Despite the availability of several promising genes to treat cardiovascular disease, their optimal delivery to the heart remains a challenge. A number of gene delivery vectors and methods of administration have previously been used for cardiovascular applications with variable success
. In this paper we combined two promising approaches, hybrid adenoviral vectors and ultrasound-guided intracardiac delivery, and analyzed the differences in transduction efficiency and toxicity after intracardiac injection between Ad5 and Ad5/35 vectors. We used a transgenic mouse strain hCD46Ge, which expresses the Ad5/35 receptor, human CD46, in a similar pattern as in humans, to compare the viruses in a situation comparable to man
The viral vectors were injected to the left ventricle wall by using a closed-chest ultrasound guided system. With this system vectors can be administered directly into the left ventricle wall, without traumatic open-chest surgery. The injection leaves only a minor needle track and no other effects to cardiac function were observed. Safety of this injection method has been shown in healthy C57BL mice by advancing the needle 1-5 times to myocardium and also by repeated saline injections without compromising left ventricular function (unpublished data, Koskenvuo).
Transductional targeting has been widely used to improve efficacy and reduce toxicity in various gene therapy applications, most notably in cancer gene therapy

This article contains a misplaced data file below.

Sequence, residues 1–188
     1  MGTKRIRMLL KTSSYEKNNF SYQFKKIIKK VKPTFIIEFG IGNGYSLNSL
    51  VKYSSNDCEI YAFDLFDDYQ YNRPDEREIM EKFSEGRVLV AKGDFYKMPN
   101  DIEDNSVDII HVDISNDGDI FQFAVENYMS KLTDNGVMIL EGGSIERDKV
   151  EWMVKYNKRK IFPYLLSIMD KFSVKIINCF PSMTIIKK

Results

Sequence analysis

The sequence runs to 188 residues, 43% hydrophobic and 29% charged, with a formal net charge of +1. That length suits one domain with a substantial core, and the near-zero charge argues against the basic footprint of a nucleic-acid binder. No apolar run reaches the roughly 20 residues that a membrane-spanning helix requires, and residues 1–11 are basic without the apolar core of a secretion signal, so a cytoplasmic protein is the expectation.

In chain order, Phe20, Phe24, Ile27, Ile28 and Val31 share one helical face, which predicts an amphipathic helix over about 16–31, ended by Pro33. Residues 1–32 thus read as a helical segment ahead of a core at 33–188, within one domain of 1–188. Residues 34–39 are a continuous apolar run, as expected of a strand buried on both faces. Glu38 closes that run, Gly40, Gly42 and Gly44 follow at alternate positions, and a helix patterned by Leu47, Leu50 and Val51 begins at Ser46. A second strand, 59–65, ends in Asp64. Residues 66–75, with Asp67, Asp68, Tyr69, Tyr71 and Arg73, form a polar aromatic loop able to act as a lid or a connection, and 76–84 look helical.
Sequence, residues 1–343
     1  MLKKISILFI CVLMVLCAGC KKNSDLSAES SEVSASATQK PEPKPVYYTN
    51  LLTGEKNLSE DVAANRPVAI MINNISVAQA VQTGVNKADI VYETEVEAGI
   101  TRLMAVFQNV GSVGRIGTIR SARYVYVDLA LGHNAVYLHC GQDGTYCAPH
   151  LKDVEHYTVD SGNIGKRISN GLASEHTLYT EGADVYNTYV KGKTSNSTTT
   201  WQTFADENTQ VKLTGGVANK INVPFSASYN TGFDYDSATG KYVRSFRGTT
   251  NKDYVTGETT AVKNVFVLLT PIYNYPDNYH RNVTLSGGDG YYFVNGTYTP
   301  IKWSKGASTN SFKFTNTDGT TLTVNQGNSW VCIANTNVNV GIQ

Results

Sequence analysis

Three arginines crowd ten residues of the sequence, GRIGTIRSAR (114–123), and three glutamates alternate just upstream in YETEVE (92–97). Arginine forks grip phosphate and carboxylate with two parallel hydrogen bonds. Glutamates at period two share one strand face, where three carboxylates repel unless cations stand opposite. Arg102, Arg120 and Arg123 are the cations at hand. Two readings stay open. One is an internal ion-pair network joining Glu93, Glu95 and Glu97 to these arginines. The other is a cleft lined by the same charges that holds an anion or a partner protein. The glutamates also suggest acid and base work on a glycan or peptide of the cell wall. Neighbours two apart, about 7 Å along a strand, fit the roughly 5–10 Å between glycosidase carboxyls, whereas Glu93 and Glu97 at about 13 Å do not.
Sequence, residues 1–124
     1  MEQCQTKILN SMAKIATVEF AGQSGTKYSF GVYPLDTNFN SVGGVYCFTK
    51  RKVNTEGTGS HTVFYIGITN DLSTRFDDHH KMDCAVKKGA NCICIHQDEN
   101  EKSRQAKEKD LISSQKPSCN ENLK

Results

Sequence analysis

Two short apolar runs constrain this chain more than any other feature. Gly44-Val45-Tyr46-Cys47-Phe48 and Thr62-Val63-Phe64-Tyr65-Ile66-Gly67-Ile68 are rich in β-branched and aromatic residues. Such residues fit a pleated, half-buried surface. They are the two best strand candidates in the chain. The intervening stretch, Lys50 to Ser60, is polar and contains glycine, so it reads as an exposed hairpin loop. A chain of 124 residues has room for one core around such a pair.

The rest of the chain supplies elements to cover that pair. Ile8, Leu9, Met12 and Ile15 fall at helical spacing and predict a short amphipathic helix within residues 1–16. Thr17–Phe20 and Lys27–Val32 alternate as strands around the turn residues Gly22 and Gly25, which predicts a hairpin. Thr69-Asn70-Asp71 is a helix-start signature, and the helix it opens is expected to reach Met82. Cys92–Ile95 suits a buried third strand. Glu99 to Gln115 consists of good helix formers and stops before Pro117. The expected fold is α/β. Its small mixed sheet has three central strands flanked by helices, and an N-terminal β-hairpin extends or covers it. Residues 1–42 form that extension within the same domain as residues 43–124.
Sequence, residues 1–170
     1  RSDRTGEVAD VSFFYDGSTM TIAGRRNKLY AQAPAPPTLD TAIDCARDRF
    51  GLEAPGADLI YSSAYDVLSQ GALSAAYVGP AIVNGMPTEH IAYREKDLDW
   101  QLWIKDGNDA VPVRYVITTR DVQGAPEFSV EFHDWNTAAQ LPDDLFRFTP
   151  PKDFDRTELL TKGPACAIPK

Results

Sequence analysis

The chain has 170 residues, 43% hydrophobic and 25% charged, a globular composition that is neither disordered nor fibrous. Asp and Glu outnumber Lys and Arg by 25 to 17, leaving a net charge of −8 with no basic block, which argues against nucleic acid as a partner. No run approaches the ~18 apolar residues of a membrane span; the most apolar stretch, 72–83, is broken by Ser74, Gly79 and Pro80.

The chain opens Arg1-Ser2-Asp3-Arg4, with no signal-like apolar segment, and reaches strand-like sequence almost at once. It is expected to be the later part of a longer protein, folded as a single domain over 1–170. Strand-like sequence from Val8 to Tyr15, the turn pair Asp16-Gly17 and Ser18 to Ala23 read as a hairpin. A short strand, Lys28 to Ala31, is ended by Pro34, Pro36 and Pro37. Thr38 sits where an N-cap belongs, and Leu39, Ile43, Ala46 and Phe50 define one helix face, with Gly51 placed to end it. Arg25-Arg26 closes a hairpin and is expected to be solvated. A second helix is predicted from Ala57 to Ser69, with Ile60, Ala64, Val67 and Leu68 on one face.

. Numerous reports have demonstrated marked improvements in therapeutic efficacy with the use of the hybrid adenovirus technology. For cardiovascular gene therapy, however, reports on transductional targeting applications for the myocardium have thus far been limited. We analyze here for the first time the effect of adenoviral transductional targeting on transgene expression and toxicity after intramyocardial closed-chest injection. Most previous studies involving adenoviral activity in the heart are biodistribution studies after intravenous (i.v.) administration. It has been shown previously that after systemic i.v. administration both Ad5-lacZ and Ad5/35-lacZ genomes are present at relatively high concentrations in the hearts of hCD46Ge mice as well as baboons and for Ad5/35-lacZ heart is one of the most effectively transduced tissues in both models
[27, 28]. Interestingly, with the primate model no transgene activity was reported in the heart tissue for any vector despite the presence of viral genomes. Analysis of genome copies present in tissues does not discriminate between active or inactive viral particles or between intracellular genomes and viruses in extracellular space. Unfortunately, only this method of analysis was employed by Ganesh et al. (2009). Here we show also the expression and activity of viral transgene in hCD46Ge mice, indicating that transgenes from both vectors are transcribed in our murine model. In their work Ganesh et al. (2009) also analyzed vector-mediated toxicity by measuring serum IL-6 and liver enzyme levels and showed decreased overall toxicity with Ad5/35-lacZ as compared to Ad5 vector after i.v. administration. The highest serum IL-6 levels in our experiment were 87 pg/ml, only 9% of the reported serum IL-6 levels after i.v. administration (Figure
. In addition, our analysis of organs other than the heart revealed no signs of toxicity nor adenoviral DNA, indicating that systemic toxicity is low in our intracardiac injection model. Other vector systems have previously been used for gene transfer into the heart, including adeno-associated virus (AAV). Previous studies have demonstrated high tropism for the myocardium for AAV serotypes 1,6,8 and 9, making the AAV system a potentially attractive delivery vehicle for cardiovascular gene therapy